Change in material boosts prospects of ultrafast single-photon detector

July 3, 2011
Single Photon

Researchers use electron beam lithography to pattern the nanowires (vertical lines) on a thin film of highly sensitive tungsten-silicon alloy (credit: Baek/NIST)

A practical way to boost the efficiency of the world’s fastest single-photon detector, while extending light sensitivity to longer wavelengths, has been found by researchers at the National Institute of Standards and Technology (NIST).

The detector, made of superconducting nanowires, can register individual photons. NIST’s new tungsten-silicon alloy version has an efficiency of 19 to 40 percent over a broad near-infrared wavelength range of 1280 to 1650 nanometers, including bands used in telecommunications.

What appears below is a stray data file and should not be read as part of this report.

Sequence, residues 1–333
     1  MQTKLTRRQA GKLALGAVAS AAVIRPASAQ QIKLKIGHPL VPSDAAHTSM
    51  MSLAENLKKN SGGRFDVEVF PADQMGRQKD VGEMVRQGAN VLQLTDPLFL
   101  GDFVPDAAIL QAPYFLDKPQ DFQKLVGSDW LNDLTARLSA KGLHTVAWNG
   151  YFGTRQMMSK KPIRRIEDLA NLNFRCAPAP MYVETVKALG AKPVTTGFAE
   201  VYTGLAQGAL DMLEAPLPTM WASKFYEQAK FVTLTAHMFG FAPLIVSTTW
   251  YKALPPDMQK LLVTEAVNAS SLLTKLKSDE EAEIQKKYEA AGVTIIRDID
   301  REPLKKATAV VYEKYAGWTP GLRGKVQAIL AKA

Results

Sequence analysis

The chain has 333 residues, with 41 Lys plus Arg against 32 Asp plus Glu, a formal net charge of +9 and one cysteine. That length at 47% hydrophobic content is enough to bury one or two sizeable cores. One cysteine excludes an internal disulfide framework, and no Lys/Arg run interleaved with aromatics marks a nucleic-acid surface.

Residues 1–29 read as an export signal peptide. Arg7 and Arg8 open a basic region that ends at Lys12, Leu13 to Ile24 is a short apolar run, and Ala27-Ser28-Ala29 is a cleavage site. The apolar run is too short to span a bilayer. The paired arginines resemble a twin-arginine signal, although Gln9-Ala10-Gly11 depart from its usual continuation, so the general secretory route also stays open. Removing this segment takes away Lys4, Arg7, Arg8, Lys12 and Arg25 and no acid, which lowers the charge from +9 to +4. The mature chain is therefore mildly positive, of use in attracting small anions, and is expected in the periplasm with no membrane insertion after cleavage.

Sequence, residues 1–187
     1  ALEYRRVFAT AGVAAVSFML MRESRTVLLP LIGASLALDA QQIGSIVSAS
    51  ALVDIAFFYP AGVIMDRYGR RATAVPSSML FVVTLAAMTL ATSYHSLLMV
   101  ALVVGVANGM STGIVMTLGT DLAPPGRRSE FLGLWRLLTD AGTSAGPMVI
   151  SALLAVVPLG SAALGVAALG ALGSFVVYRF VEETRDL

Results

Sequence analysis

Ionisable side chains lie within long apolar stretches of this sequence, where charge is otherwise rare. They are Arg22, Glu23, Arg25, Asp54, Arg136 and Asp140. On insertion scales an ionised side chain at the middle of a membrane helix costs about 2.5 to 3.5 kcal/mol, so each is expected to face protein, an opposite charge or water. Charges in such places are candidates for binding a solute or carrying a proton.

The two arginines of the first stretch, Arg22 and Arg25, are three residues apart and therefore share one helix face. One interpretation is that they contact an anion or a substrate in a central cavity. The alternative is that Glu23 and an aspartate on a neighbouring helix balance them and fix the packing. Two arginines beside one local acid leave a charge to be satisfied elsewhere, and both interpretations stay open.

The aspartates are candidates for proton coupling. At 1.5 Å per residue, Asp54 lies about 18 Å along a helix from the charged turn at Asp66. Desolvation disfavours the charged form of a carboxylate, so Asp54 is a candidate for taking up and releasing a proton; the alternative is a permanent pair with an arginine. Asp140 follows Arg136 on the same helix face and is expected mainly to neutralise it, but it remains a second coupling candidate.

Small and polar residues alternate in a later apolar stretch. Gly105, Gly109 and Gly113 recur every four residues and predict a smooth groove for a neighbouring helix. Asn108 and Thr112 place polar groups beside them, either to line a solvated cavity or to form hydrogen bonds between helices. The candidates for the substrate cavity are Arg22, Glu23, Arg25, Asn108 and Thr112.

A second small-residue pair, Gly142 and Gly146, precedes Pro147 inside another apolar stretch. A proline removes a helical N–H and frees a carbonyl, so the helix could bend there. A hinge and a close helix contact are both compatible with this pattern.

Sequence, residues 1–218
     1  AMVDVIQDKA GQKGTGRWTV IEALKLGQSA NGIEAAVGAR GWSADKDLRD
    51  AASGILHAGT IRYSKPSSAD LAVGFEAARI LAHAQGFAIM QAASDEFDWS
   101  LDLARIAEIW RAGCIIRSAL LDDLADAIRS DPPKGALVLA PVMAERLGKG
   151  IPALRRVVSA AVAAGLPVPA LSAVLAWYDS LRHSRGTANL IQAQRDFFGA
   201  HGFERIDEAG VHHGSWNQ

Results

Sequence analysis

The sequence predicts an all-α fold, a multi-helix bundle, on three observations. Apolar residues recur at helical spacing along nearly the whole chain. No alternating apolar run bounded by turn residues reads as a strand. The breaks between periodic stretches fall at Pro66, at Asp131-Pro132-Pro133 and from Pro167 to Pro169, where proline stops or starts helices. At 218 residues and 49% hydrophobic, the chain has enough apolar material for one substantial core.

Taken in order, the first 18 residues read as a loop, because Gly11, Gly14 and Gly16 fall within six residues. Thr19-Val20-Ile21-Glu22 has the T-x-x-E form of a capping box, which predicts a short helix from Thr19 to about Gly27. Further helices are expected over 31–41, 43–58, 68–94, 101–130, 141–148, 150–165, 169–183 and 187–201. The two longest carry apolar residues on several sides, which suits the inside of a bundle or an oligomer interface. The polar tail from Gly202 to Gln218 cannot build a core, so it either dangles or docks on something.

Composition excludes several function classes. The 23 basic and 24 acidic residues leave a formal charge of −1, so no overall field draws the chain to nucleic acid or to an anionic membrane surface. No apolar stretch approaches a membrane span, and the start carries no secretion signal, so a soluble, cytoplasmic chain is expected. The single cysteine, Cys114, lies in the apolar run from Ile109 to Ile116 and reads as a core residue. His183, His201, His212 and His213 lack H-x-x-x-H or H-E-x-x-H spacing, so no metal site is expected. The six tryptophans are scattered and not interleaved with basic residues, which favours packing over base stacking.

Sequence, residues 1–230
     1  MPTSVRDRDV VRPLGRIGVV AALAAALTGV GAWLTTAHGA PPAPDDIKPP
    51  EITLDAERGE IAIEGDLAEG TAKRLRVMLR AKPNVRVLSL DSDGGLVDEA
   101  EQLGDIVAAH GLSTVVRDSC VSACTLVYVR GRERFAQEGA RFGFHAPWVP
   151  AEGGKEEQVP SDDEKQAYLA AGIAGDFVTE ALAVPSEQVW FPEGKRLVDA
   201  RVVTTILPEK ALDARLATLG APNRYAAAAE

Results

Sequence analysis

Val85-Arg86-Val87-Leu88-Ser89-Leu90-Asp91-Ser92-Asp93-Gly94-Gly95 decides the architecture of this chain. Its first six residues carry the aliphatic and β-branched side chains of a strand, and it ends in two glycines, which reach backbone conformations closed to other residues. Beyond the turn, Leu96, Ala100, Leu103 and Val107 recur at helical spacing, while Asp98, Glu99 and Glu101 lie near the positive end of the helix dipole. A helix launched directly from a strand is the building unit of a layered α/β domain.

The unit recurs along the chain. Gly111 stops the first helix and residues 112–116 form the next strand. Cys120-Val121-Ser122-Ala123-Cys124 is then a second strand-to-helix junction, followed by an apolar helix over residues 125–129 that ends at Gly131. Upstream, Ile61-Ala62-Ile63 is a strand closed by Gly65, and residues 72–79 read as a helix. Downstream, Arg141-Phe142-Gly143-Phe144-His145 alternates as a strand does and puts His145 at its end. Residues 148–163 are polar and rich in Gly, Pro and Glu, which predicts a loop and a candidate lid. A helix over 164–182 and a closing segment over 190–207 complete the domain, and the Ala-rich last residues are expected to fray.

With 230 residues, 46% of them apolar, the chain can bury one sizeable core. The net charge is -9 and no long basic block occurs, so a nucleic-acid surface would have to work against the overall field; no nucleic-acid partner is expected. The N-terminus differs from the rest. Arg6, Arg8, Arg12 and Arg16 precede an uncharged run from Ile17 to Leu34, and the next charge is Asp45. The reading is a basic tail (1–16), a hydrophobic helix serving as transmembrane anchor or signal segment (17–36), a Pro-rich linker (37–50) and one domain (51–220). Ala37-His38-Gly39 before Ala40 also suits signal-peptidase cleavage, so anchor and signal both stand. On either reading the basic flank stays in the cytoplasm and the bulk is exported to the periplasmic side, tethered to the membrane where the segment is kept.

The researchers selected the tungsten-silicon alloy mainly because it has higher energy sensitivity, resulting in more reliable signals.

The new tungsten-silicon alloy could make the ultrafast detectors more practical for use in quantum communications and computing systems and emerging applications such as remote sensing. An intriguing application may be an experiment to test quantum mechanics — the “loophole-free Bell test” of what Einstein called “spooky action at a distance” depends critically on having a nearly 100-percent-efficient photon detector.

Ref.: Sae Woo Nam, et al., Superconducting a-WxSi1−x nanowire single-photon detector with saturated internal quantum efficiency from visible to 1850 nm, Applied Physics Letters, 2011; 98 (25): 251105 [DOI: 10.1063/1.3600793]